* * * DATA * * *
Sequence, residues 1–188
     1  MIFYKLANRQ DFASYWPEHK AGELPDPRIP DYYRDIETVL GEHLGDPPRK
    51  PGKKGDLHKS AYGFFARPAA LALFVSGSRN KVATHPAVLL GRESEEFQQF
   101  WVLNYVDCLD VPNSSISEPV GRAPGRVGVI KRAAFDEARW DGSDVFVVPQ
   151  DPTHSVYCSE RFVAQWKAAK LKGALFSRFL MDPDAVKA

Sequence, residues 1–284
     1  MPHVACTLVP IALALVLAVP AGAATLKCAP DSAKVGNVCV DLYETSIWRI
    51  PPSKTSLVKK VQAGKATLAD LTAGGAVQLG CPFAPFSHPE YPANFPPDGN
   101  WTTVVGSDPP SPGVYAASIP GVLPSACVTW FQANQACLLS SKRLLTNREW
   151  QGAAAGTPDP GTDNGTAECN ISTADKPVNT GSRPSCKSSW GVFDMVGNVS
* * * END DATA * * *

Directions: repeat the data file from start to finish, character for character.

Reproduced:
Sequence, residues 1–188
     1  MIFYKLANRQ DFASYWPEHK AGELPDPRIP DYYRDIETVL GEHLGDPPRK
    51  PGKKGDLHKS AYGFFARPAA LALFVSGSRN KVATHPAVLL GRESEEFQQF
   101  WVLNYVDCLD VPNSSISEPV GRAPGRVGVI KRAAFDEARW DGSDVFVVPQ
   151  DPTHSVYCSE RFVAQWKAAK LKGALFSRFL MDPDAVKA

Sequence, residues 1–284
     1  MPHVACTLVP IALALVLAVP AGAATLKCAP DSAKVGNVCV DLYETSIWRI
    51  PPSKTSLVKK VQAGKATLAD LTAGGAVQLG CPFAPFSHPE YPANFPPDGN
   101  WTTVVGSDPP SPGVYAASIP GVLPSACVTW FQANQACLLS SKRLLTNREW
   151  QGAAAGTPDP GTDNGTAECN ISTADKPVNT GSRPSCKSSW GVFDMVGNVS